Second, the SEBI has also questioned the relevance of promoters given the rise in institutional investments that has led to a shift towards more professionally run businesses in India. For this, the SEBI has cited that promoter shareholding in the top-500 listed companies fell from 58% in 2009 to 50% in 2018 and institutional investor stake increased from 25% to 34% in the same period. In our view, these statistics do not indicate a change significant enough to do away with the concept of promoters. In India, professionally managed companies form a small percentage of the total number of companies seeking to list, which are largely family owned and controlled at the time of listing and for a couple of years thereafter. While Indian business are moving towards governance standards seen in the West, the Indian market today remains a hybrid of both worlds.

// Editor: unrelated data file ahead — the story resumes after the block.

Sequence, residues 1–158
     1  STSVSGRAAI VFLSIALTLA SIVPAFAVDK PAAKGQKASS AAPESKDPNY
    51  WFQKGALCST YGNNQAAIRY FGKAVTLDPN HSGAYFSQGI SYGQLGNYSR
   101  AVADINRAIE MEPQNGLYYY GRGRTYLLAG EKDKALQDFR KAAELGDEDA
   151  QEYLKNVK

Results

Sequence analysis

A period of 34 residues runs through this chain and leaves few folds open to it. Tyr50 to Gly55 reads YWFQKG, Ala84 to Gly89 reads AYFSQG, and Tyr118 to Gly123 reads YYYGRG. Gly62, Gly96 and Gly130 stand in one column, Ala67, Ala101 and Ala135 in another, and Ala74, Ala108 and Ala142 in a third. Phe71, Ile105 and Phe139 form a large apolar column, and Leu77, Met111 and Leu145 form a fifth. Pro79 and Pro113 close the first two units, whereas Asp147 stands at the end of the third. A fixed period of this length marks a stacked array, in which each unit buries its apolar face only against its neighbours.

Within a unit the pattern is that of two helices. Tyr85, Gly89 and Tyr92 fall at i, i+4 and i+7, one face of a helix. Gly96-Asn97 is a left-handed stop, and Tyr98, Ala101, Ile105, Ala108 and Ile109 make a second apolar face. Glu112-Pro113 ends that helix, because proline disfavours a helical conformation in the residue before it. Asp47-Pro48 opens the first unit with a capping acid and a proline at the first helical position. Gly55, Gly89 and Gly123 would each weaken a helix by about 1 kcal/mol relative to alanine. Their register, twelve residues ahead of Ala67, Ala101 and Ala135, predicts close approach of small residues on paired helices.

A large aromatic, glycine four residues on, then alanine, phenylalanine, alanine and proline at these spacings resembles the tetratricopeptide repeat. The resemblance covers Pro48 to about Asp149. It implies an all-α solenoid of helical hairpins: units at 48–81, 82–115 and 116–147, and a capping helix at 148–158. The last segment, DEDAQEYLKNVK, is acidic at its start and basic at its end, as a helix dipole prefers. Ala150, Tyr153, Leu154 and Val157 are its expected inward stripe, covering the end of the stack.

The SEBI has suggested a change in the lock-in requirements due to the change in the nature of businesses which have listed in recent years. Historically, companies raised public capital for financing greenfield projects. In contrast, companies listing in recent years have been well-established mature businesses with pre-existing institutional investors. The SEBI has also observed that a majority of promoters do not materially sell their shares even after the expiry of the lock-in period. In our view, a blanket reduction of lock-in requirements may not be appropriate for the Indian market as it will incentivize pre-issue shareholders to reduce their shareholding on the basis of their listing gains. The lock-in requirements ensure that promoters continue to demonstrate skin in the game after raising public funds and to ensure confidence among public shareholders. As such, the reduction of the lock-in period may not give comfort to public shareholders and prospective Indian investors who often look to the founders of the company to continue to have a substantial shareholding post-listing.